I began my July 4 by reading the words of a black poet, Langston Hughes, written in 1935, in the midst of the Great Depression. This, today, is not a good American moment. Truth is under attack. The law is under attack. The press is under attack. Moral depravity seeps from on high in a viscous torrent that infects everything and is hard to cleanse from the skin. It cloys. The White House stands for white males, above all, not 325 million Americans of every creed and color. I wanted to remind myself, again, of America’s spirit.
It's notable how much the proponents of progress turn to the past, to a, say, fetishized version of it, as they rail against any historical awareness of real meaning in real people. So it's inevitable. Mr Cohen, dipping his bucket in the kitsch well and citing the authority of Langston Hughes, has decided America does not exist at all, and only will after blacks have (are we even sure any more what exactly we want for them?). It was inevitable that, absent the impossible but non-negotiable goal of peaceful multi-ethnic equality they would seek to define the nation away all together, so as to start over.
In his poem, “Let America Be America Again,” Hughes writes: Let America be America again. Let it be the dream it used to be. Let it be the pioneer on the plain Seeking a home where he himself is free. (America never was America to me.) The parenthesis punctures the myth. The American idea is a journey toward a receding destination, driven by the pursuit of perfectibility. The nation was not born of a piece with the Constitution. Its contours were outlined, with sufficient clarity and flexibility to endure, for future generations to usher closer to an ideal of liberty and justice for all. That is why for a black man, Hughes, writing 83 years ago, “America was never America.”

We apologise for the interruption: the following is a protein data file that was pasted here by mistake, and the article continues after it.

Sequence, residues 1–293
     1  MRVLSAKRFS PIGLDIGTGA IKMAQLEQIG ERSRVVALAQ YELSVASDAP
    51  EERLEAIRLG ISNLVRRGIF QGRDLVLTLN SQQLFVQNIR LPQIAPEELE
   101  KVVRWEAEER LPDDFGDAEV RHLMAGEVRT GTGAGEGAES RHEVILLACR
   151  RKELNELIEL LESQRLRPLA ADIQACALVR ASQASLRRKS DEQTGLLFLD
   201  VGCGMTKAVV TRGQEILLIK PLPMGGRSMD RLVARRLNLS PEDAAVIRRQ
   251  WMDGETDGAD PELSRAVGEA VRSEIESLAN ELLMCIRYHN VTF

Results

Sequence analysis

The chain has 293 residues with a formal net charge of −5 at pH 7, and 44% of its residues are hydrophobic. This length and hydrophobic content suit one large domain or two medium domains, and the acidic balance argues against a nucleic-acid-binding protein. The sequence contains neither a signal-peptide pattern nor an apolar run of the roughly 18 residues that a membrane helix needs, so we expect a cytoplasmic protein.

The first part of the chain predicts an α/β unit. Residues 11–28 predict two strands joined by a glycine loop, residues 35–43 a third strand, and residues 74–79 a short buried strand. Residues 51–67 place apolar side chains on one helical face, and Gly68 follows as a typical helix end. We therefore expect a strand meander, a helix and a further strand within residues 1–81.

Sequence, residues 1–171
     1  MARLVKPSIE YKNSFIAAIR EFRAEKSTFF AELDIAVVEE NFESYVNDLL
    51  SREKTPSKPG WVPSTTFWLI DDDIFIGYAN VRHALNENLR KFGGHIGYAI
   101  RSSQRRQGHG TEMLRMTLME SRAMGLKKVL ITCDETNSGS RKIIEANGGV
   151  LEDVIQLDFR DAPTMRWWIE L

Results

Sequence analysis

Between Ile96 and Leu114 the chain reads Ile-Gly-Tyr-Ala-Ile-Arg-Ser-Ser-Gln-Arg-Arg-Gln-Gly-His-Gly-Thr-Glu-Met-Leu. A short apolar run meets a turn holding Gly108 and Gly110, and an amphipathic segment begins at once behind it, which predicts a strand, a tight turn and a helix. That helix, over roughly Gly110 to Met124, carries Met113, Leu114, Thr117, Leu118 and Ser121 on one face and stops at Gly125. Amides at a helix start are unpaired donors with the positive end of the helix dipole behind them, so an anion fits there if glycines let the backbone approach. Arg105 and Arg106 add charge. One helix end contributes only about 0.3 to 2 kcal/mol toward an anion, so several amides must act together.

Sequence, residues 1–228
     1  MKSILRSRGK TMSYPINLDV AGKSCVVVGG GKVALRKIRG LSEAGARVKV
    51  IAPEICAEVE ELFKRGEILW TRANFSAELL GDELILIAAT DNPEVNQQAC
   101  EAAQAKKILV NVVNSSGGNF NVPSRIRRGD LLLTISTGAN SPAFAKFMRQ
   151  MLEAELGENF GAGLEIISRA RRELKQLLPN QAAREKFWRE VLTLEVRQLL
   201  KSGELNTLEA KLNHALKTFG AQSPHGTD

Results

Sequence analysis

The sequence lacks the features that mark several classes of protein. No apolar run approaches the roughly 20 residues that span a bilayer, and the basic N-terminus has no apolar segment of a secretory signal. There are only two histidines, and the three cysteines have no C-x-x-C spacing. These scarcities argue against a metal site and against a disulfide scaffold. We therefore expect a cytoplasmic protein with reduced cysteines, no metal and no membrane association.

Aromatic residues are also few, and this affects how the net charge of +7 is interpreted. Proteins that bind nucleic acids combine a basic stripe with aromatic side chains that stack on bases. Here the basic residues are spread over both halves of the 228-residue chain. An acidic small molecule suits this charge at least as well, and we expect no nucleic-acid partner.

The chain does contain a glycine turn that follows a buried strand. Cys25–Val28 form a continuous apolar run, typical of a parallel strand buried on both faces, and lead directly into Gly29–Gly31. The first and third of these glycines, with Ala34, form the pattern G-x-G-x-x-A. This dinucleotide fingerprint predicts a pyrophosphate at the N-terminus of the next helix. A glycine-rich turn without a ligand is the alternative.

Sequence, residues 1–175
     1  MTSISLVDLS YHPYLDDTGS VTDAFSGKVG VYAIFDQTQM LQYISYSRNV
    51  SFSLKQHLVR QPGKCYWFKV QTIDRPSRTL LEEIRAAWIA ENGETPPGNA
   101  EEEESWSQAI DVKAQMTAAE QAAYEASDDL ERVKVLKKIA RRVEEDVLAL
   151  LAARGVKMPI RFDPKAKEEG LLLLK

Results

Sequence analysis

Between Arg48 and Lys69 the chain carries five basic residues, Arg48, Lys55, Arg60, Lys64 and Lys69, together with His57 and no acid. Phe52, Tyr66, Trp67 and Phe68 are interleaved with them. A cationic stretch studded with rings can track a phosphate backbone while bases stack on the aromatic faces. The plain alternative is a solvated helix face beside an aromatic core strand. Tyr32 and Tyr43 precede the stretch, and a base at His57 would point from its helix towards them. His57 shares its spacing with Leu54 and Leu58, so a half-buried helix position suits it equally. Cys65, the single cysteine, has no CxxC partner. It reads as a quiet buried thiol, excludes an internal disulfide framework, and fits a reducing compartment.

This is basically stating what has been policy and cultural convention since the civil rights movement. America only exists to create "equality" for Africans, and an ever-growing list of similarly aggrieved. An impossibility--without a totalitarian system of redistribution that would destroy the very civil liberties these people cite when they demand it. We won't get there, in other words, before we've destroyed ourselves, because it isn't possible and there's a whole world out there that doesn't share our delusions or interests.

I think it's time for the likes of Cohen to "reinvent" themselves. Indeed, they do not exist until they've realized their own potential for perfection. But the piece wouldn't be complete without another old cliche:
Nowhere else is becoming somebody else so easy. There is space, still, to be free. Sure there is. The divisions between those who came first and those who came later are fungible.
Fungible divisions is a cool story bro, for a misconception. If the last few decades have shown us anything it is the durability of divisions, which grow with diversity, provided you have enough people on each side of the divide to create dissension, and the political consensus represented by Cohen: you don't even exist, white America.

Individual reinvention doesn't really happen. Group or national reinvention (leaving out the remarkable history of the Jews, which can be seen as one of serial reinvention while maintaining the core element of identity, which Cohen sees as pure evil in white gentiles) likewise doesn't happen--unless it's forced on you from without. Reinvention is imposed from without in defeat by the victorious. Cohen is one of the victorious elite that imagines themselves as designing a new way for a defeated country, like General MacArthur in Japan.

Sadly, they may have pushed things so far along reinvention may be our only option.